- Dark chocolate. Good news for all the chocolate lovers! Dark chocolate contains flavanols that help to reduce inflammation. Most notably, flavanol-rich chocolate protects the cells that line the interior of your arteries from oxidative damages. For the maximum anti-inflammatory effects, ask for a chocolate that contains at least 70% cocoa.
- Broccoli and other cruciferous vegetables. Broccoli and other green leafy vegetables are effective at reducing inflammation. The major anti-inflammatory chemical in these veggies is sulforaphane. According to the nutrition experts, sulforaphane may also be effective in preventing or even reversing inflammation-induced damages in the blood vessels.
Other anti-inflammatory foods to consider:
- Whole grains.
- Spices like ginger, rosemary, turmeric, oregano, cayenne, cloves and nutmeg.
Top 5 Foods to Avoid
Just like some foods have anti-inflammatory properties, other foods cause inflammation. Make sure to limit or avoid the following foods.
- High-sugar foods. Foods that contain high amounts of sucrose and high-fructose corn syrup (HFCS) are the major culprits. They increase the risk of obesity, insulin resistance, diabetes, fatty liver disease, cancer and chronic kidney disease. Thus, it is critically important that you read the label on the foods before purchasing.
- Trans fats. Man-made trans fats are prepared by hydrogenating vegetable oils. These “unhealthy” fats increase the levels of inflammatory markers in the blood. Margarine, cookies, biscuits, doughnuts, and fried fast foods are some of the worst foods for inflammation. Thus, you should avoid them as much as possible.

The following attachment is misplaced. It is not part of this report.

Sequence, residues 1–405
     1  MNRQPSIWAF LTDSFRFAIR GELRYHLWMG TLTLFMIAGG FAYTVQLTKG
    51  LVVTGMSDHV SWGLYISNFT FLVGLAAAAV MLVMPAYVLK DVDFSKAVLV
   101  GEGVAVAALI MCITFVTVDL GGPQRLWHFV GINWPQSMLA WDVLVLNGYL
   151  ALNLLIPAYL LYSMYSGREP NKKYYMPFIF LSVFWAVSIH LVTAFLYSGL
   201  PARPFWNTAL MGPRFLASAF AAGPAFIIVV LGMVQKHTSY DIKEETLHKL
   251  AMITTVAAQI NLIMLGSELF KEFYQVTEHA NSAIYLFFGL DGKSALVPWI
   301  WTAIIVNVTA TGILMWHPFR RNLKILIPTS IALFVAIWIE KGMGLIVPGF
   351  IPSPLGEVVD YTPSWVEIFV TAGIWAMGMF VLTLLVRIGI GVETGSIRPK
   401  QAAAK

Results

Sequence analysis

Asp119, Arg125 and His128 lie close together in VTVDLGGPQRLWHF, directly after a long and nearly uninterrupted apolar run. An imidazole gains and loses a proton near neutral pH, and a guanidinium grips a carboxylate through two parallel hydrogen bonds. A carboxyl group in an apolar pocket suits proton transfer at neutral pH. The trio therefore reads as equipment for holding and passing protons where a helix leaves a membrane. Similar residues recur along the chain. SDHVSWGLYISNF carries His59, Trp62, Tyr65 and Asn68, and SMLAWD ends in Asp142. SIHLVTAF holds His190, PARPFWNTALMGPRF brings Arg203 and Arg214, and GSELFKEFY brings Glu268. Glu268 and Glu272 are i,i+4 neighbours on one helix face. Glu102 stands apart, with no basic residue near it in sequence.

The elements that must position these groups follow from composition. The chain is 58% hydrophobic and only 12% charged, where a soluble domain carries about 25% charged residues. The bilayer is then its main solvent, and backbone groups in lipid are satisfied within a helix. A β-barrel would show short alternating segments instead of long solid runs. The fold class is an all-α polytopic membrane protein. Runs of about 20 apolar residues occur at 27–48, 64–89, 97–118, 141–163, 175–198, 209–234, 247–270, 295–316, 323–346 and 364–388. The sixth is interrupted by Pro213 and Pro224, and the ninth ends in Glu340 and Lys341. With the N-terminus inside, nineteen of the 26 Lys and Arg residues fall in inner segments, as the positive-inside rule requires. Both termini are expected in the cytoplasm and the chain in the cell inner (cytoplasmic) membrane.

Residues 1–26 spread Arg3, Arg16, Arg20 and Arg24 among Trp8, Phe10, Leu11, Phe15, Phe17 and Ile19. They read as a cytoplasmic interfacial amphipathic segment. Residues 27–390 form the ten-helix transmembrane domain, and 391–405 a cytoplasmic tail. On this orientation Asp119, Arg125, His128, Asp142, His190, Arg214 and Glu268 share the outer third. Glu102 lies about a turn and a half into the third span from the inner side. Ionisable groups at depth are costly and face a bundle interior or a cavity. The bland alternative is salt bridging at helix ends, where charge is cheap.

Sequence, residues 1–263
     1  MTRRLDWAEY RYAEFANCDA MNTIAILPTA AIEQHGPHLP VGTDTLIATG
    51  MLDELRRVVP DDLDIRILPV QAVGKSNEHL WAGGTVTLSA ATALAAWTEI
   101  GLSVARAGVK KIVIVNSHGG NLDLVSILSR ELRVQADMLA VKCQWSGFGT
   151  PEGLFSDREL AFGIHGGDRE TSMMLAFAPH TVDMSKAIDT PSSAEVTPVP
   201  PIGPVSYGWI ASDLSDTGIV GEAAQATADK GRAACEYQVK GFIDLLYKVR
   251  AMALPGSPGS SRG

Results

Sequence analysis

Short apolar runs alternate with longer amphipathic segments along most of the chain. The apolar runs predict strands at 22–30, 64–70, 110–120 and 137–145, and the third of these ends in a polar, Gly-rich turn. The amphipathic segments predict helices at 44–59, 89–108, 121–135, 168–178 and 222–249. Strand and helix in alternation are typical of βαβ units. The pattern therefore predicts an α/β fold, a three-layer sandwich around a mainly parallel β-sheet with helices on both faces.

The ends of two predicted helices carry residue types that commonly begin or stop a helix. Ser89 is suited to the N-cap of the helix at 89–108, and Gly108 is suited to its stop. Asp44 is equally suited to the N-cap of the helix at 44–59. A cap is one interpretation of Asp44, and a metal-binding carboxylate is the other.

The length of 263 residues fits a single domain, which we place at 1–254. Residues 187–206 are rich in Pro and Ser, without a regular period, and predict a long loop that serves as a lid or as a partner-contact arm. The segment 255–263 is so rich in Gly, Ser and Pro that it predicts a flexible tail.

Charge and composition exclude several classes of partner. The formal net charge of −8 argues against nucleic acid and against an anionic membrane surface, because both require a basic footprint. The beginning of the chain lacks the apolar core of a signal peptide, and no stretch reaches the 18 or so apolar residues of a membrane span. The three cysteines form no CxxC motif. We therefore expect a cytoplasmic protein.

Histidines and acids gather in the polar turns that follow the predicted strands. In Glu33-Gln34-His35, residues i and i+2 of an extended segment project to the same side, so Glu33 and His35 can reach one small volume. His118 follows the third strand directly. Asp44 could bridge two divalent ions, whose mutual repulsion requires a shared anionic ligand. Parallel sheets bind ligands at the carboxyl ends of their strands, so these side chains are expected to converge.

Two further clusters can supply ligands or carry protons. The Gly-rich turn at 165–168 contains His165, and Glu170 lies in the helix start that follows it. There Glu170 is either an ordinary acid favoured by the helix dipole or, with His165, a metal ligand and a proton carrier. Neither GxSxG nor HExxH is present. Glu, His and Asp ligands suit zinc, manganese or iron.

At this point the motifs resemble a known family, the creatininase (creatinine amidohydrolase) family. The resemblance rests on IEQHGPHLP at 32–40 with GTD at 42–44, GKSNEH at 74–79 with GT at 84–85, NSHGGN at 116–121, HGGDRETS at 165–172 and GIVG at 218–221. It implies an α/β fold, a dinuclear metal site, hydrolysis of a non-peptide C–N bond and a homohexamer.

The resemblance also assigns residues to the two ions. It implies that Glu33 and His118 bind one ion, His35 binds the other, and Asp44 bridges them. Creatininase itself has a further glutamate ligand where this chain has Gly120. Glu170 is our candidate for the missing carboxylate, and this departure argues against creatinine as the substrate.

- High glycemic index (GI) carbs. Carbs that cause a sudden rise in the blood glucose levels also increase the levels of inflammatory markers. Moreover, they may disrupt the gut flora leading to dysbiosis.
- Processed meats.
The Bottom Line
Foods can be both good and bad depending on their health properties. The key to a healthy and disease-free life lies in making better choices about your diet. This is exactly where an expert nutritionist plays a critical role.
The expert designs a dietary regimen or an eating habit based on your specific needs. An expert consultation is even more important if you already have certain chronic diseases like high blood pressure, obesity, diabetes etc.
To know more about the anti-inflammatory diet, talk to an expert. Also, know how an individually customized nutrition helps to reduce the risk of chronic diseases. Click here to set an appointment today.
- Zeyda, M and Stulnig, TM. “Obesity, inflammation, and insulin resistance-a mini-review.” Gerontology. 2009;55(4):379-86.
- Tili, E., et al. “Mutator activity induced by microRNA-155 (miR-155) links inflammation and cancer.” Proceedings of the National Academy of Sciences of the United States of America. 2011 Mar 22;108(12):4908-13.
- Donnarumma, G., et al. “AV119, a natural sugar from avocado gratissima, modulates the LPS-induced proinflammatory response in human keratinocytes.” Inflammation. 2011 Dec;34(6):568-75.
- Li, Z., et al. “Hass avocado modulates postprandial vascular reactivity and postprandial inflammatory responses to a hamburger meal in healthy volunteers.” Food and Function. 2013 Feb 26;4(3):384-91.
- Tipoe, GL., et al. “Green tea polyphenols as an anti-oxidant and anti-inflammatory agent for cardiovascular protection.” Cardiovascular Hematological Disorders Drug Targets. 2007 Jun;7(2):135-44.
- Menon, VP and Sudheer, AR. “Antioxidant and anti-inflammatory properties of curcumin.” Advances in Experimental Medicine and Biology. 2007;595:105-25.
- Rhodes, JM and Campbell, BJ. “Inflammation and colorectal cancer: IBD-associated and sporadic cancer compared.” Trends in Molecular Medicine. 2002 Jan;8(1):10-6.
- Tili, E., et al. “miR-155: on the crosstalk between inflammation and cancer.” International Reviews of Immunology. 2009;28(5):264-84.